"I think George Zimmerman is a man whose heart was in the right place, but just got displaced by the vandalism in the neighborhoods and wanting to catch these people so badly that he went above and beyond what he really should have done," she told Cooper. "But I think his heart was in the right place. It just went terribly wrong."
She also said she believed Martin threw the first punch. "I think the roles changed. I think George got in a little bit too deep, which he shouldn't have been there. But Trayvon decided that he wasn't going to let him scare him ... and I think Trayvon got mad and attacked him," she said, adding that she had “no doubt” Zimmerman feared for his life. "He had a right to defend himself," she said.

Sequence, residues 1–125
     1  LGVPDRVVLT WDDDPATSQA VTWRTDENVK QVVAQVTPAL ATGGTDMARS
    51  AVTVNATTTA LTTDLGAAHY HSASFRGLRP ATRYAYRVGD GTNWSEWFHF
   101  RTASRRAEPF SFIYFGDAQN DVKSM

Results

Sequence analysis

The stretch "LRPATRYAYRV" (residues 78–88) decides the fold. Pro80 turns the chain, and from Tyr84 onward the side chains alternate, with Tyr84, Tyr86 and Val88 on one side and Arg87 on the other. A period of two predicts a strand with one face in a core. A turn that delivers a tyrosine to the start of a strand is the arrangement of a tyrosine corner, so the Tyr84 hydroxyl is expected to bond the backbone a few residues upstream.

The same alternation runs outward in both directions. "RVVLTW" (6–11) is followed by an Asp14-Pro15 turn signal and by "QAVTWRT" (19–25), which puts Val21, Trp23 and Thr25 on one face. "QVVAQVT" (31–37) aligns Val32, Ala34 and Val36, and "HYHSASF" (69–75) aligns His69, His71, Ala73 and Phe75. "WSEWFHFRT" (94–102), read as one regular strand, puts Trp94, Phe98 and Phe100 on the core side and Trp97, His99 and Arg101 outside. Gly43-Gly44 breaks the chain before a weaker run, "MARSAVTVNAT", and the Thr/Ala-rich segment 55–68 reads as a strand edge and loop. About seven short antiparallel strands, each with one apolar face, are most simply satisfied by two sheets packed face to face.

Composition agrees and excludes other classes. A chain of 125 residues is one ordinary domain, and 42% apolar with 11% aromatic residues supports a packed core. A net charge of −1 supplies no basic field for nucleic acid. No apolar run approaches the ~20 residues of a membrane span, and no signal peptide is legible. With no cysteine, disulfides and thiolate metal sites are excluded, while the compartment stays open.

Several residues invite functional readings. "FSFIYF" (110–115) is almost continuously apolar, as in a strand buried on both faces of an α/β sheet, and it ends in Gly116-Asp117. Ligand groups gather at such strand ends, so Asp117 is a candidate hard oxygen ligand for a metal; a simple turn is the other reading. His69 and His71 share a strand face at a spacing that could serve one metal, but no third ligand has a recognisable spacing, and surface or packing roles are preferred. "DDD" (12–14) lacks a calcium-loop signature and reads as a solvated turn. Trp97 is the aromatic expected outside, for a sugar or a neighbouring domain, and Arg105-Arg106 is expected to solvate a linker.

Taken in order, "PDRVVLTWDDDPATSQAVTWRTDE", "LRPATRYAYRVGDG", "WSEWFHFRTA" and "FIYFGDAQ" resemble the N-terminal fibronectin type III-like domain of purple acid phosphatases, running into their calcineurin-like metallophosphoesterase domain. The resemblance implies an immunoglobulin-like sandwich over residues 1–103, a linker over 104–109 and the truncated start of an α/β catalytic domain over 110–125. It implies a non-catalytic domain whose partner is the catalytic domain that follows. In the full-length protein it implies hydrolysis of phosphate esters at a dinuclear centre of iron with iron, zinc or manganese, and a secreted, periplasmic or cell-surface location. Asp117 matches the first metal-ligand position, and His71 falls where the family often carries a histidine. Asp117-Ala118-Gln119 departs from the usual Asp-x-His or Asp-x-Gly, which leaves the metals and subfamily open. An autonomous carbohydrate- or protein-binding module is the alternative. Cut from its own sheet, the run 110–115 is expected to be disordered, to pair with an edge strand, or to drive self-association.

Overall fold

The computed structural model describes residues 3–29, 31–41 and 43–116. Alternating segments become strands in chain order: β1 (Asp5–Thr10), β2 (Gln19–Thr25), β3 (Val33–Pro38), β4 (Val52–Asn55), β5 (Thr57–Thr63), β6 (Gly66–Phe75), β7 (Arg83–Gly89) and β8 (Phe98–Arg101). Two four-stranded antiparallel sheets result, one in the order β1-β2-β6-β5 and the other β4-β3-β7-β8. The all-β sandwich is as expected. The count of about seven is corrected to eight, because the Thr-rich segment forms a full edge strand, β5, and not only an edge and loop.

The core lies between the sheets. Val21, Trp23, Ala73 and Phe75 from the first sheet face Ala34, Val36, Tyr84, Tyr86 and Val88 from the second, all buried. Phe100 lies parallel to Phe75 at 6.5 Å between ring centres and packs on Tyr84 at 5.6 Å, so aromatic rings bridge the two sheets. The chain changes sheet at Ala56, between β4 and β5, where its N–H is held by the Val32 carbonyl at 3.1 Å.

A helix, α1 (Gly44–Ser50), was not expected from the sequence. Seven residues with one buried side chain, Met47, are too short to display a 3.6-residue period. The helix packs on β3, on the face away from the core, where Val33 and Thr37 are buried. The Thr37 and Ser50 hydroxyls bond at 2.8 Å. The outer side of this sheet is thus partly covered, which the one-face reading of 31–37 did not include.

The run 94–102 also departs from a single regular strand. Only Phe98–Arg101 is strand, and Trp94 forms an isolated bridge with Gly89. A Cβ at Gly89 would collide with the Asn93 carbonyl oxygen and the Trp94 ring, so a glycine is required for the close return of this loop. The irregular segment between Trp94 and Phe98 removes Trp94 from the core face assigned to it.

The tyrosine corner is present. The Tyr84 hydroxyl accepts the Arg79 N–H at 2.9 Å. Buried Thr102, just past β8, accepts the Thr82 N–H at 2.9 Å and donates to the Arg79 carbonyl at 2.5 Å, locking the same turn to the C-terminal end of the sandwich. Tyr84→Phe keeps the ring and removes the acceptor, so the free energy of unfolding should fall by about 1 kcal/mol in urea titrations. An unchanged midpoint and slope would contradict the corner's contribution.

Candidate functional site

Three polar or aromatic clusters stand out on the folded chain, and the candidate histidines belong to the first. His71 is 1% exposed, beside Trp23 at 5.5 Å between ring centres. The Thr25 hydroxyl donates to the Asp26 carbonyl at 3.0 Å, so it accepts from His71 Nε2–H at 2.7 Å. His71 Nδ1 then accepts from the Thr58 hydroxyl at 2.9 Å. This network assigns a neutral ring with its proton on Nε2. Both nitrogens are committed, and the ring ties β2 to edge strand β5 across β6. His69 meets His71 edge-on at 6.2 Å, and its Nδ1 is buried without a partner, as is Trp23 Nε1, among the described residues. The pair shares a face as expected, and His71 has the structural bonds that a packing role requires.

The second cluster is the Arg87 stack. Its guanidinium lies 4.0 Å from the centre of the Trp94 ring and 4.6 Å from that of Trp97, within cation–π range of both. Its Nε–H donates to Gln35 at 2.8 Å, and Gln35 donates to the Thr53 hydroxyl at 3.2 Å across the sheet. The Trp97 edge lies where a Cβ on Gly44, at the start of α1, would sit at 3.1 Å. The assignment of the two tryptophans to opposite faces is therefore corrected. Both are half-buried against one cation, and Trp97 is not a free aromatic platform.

The juror said she found the testimony of Rachel Jeantel unconvincing, in part because of what she perceived as Jeantel's poor education and “her [lack of] communication skills." When Cooper asked if the juror had trouble understanding Jeantel, she said, “A lot of the time. Because she was using phrases I had never heard before, and what they meant."
If there's some good news to come from the interview, it's this: because of widespread backlash, the juror will no longer seek a deal to write a book about the trial.